Patent win will boost Apple fight against Android

But ban of some HTC smartphones won't have any short-term impact, say experts

The partial legal victory that Apple won Monday against HTC won't affect either company's short-term sales but could play an important part in Apple's long-range attempt to stymie Android's march, expert said today.

On Monday, the U.S. International Trade Commission (ITC) ruled in favor of Apple in a 20-month case against Taiwanese smartphone maker HTC and its Android-based devices. Apple had accused HTC of violating a total of 10 of its patents, and sought an outright ban on U.S. sales of the rival's devices.

Yesterday, the ITC said that, starting April 19, 2012, HTC will be barred from importing phones that violate one of the 10 patents. The patent relates to "data tapping," technology that lets a user tap, say, an address or a phone number in an email address to pull up a map in another app or dial that number.

But analysts believe that the ban won't immediately change the dynamics of the U.S. smartphone market.

"We expect this ITC ruling will be appealed and won't be material to Apple or HTC shipments in the U.S. through [the first half of 2012]," said Brian Marshall, an analyst with International Strategy & Investment Group (ISI), in an email today. Only in the longer term, Marshall added, would a ban have any impact on the iPhone's share of the U.S. market.

Florian Mueller, who writes the popular FOSS Patents blog, weighed in as well.

"This ruling falls far short of anything that would force HTC out of the U.S. market in the near term," Mueller wrote Monday.

But it seems unlikely that HTC will wait for the April deadline, saying today that it will strip the offending feature from its phones.

"The '647 patent is a small UI experience and HTC will completely remove it from all of our phones soon," said HTC general counsel Gracie Lie in a statement. An HTC spokesperson declined to identify which of its smartphones violate the '647 patent, the one the ITC ruled the company infringed.

HTC also claimed victory in the ruling.

"We are gratified that the Commission affirmed the judge's initial determination on the '721 and '983 patents, and reversed its decision on the '263 patent and partially on the '647 patent," said Lie, referring to other patents that Apple had claimed HTC violated.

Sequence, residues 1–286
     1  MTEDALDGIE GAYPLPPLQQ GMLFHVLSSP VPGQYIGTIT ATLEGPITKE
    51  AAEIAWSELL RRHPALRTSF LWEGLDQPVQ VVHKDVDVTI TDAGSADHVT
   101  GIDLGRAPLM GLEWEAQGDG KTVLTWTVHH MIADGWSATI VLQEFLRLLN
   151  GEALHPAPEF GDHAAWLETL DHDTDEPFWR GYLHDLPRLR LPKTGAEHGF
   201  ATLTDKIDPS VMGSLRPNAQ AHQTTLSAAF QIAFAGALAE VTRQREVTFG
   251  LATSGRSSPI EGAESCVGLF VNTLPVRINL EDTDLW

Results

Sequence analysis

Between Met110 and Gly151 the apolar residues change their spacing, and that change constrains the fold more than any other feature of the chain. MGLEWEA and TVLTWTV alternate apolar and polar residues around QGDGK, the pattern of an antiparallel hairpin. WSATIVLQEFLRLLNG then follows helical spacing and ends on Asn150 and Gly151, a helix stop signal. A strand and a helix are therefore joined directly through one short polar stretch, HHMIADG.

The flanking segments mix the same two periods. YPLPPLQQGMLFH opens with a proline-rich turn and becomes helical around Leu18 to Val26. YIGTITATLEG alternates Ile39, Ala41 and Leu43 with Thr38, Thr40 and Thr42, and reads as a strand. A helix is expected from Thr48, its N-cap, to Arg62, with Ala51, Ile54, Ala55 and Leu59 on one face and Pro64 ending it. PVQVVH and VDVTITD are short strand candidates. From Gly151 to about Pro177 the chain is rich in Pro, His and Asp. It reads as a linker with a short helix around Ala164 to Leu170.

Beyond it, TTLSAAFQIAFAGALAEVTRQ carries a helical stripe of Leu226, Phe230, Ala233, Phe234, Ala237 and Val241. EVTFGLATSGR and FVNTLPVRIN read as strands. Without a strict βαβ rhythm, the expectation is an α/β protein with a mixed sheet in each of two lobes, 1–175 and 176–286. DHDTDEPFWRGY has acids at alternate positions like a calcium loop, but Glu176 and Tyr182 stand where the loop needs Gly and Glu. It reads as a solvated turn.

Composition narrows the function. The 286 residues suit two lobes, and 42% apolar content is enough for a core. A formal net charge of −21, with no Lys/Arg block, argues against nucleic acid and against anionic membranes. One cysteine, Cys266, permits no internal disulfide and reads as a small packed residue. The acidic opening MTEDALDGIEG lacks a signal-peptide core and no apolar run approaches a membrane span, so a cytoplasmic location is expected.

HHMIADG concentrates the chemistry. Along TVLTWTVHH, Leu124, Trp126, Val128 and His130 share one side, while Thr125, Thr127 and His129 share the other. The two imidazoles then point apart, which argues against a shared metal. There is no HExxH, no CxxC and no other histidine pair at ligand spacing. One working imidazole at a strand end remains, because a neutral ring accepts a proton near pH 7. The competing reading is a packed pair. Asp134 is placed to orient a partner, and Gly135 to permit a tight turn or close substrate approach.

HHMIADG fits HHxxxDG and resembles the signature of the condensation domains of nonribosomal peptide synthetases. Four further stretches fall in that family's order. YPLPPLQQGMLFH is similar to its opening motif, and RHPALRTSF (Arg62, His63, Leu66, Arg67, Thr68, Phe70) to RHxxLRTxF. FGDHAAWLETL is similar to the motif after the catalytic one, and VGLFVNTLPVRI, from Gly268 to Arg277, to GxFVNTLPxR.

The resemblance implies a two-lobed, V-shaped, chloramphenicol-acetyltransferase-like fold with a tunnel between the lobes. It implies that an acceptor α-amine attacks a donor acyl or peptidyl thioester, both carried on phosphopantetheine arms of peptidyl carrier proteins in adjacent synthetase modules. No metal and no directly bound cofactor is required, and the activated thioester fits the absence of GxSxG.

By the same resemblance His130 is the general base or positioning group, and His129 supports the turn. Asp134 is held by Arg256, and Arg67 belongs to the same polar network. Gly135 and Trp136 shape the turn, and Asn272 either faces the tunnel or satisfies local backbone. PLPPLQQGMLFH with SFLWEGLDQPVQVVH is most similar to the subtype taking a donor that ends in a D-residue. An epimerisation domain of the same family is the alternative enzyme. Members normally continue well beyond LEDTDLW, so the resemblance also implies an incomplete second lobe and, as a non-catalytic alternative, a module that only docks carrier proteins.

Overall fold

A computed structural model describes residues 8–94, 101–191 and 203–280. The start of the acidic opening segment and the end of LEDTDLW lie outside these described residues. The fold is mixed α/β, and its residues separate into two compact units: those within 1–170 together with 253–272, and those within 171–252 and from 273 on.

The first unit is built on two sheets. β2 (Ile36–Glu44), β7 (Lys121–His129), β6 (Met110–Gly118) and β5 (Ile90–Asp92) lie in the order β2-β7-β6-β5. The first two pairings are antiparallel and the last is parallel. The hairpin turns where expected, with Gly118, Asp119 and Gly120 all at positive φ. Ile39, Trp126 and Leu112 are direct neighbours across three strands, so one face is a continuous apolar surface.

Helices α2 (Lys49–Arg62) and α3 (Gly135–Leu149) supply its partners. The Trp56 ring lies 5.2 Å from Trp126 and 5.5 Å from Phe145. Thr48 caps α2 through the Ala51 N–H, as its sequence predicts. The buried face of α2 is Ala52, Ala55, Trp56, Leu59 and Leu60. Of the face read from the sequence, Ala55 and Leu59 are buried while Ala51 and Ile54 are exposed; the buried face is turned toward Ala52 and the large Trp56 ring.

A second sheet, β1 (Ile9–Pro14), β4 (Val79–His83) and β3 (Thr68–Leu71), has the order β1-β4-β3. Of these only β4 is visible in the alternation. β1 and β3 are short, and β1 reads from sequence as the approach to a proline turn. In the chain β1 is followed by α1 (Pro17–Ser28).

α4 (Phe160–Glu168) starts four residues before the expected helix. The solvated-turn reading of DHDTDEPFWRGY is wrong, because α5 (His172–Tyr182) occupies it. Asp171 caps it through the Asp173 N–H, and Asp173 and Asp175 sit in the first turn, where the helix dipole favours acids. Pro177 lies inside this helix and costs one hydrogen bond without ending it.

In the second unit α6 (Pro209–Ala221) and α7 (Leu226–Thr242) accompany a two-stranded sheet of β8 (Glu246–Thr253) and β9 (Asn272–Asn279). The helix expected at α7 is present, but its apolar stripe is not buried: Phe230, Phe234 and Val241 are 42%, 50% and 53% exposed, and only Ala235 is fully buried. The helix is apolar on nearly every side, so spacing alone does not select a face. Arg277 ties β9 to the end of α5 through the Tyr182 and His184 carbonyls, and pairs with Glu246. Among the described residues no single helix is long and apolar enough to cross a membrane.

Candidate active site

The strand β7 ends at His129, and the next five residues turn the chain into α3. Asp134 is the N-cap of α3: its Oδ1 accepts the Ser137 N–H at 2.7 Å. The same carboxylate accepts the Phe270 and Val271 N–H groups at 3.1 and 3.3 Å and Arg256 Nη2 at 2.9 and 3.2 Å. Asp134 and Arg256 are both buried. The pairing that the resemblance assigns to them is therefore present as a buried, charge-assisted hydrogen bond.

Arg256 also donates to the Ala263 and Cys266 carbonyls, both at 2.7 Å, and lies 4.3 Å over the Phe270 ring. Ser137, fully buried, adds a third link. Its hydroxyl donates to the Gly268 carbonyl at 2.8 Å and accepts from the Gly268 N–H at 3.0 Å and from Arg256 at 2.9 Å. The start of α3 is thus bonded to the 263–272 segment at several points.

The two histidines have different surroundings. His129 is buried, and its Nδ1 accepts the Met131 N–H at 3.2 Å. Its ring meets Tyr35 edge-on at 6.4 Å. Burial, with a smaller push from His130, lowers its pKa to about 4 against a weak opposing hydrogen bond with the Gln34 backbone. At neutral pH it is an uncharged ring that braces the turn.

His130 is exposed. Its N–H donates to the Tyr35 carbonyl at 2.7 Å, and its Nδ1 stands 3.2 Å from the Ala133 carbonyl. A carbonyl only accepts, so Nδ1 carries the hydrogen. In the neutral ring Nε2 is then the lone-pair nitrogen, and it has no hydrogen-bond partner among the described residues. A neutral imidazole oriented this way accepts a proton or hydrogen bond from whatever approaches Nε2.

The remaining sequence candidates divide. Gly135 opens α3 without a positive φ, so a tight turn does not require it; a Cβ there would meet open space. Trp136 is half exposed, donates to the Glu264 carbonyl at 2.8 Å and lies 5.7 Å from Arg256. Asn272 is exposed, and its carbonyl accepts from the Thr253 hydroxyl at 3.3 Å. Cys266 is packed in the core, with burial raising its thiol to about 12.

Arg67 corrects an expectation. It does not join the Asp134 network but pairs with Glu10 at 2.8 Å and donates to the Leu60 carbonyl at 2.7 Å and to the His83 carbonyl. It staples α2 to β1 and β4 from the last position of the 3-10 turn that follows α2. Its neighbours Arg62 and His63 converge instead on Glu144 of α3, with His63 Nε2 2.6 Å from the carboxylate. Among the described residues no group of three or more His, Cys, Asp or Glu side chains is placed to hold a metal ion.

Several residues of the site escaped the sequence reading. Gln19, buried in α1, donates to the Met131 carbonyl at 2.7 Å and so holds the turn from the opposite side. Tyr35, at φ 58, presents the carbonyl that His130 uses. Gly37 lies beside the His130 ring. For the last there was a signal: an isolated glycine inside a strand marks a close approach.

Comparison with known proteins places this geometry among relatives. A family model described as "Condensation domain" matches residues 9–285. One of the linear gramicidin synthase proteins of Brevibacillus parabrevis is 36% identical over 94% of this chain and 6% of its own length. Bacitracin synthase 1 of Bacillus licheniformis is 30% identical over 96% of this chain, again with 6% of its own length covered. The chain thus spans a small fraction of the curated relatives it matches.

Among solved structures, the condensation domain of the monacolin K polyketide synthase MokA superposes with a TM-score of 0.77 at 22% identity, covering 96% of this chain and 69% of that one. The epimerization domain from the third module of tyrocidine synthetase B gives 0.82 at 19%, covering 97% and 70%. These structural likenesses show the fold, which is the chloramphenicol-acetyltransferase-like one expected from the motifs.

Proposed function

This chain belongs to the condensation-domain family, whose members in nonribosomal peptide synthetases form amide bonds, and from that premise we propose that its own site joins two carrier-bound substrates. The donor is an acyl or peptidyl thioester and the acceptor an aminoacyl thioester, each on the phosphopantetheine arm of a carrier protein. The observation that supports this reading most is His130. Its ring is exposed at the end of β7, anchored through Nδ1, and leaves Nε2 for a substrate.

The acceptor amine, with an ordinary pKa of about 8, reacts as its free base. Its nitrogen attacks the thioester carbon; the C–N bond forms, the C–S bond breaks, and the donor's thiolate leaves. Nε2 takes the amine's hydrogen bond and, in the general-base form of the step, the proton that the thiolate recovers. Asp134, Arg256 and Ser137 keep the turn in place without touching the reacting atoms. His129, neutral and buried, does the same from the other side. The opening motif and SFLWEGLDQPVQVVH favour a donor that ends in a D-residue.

The '263 patent was one of two an ITC judge said HTC had violated in an initial ruling last summer. The Monday decision by the ITC tossed out that patent, related to real-time signal processing. According to Mueller, the '263 patent would have been a much more potent weapon in Apple's hands than the '647 case it won.

In Apple's long game however, even the '647 patent ruling may be important.

"This gives Apple increased confidence in its strategy in the courts, that Android phones infringe on its intellectual property," said Marshall in an interview today. "I think we'll see them going on the offensive and getting more aggressive."

Marshall believes the victory, even though it's small, could lead to a stronger position for Apple in its other cases against Android vendors.

Apple is embroiled in lawsuits, countersuits, and ITC complaints with a host of Android smartphone makers, including HTC, Samsung and Motorola.

Mueller agreed that the win before the ITC, while small potatoes in the short term, could mean more down the road. "Apple has made some progress," said Mueller. "It's a starting point. "[Apple] now has one patent that it can also assert against other Android device makers."

But he also cautioned that minor victories like this won't be enough.

"Apple needs to find several more patents of [this] kind or, alternatively, one or two fundamental patents for which there's no viable workaround in order to really have competitive impact with its many litigations targeting Android," said Mueller.

Apple isn't interested in striking financial settlements with its Android competitors, said Marshall, who noted that with nearly $80 billion in cash, Apple has no motivation to make a deal involving money.

"Apple doesn't want the cash, it wants to stop the shipment or sale of Android products it believes create an unfair playing field," said Marshall. "And with this ruling, it's starting to look much more favorable for Apple."

Gregg Keizer covers Microsoft, security issues, Apple, Web browsers and general technology breaking news for Computerworld. Follow Gregg on Twitter at @gkeizer, on Google+ or subscribe to Gregg's RSS feed . His e-mail address is

See more articles by Gregg Keizer.

Copyright © 2011 IDG Communications, Inc.

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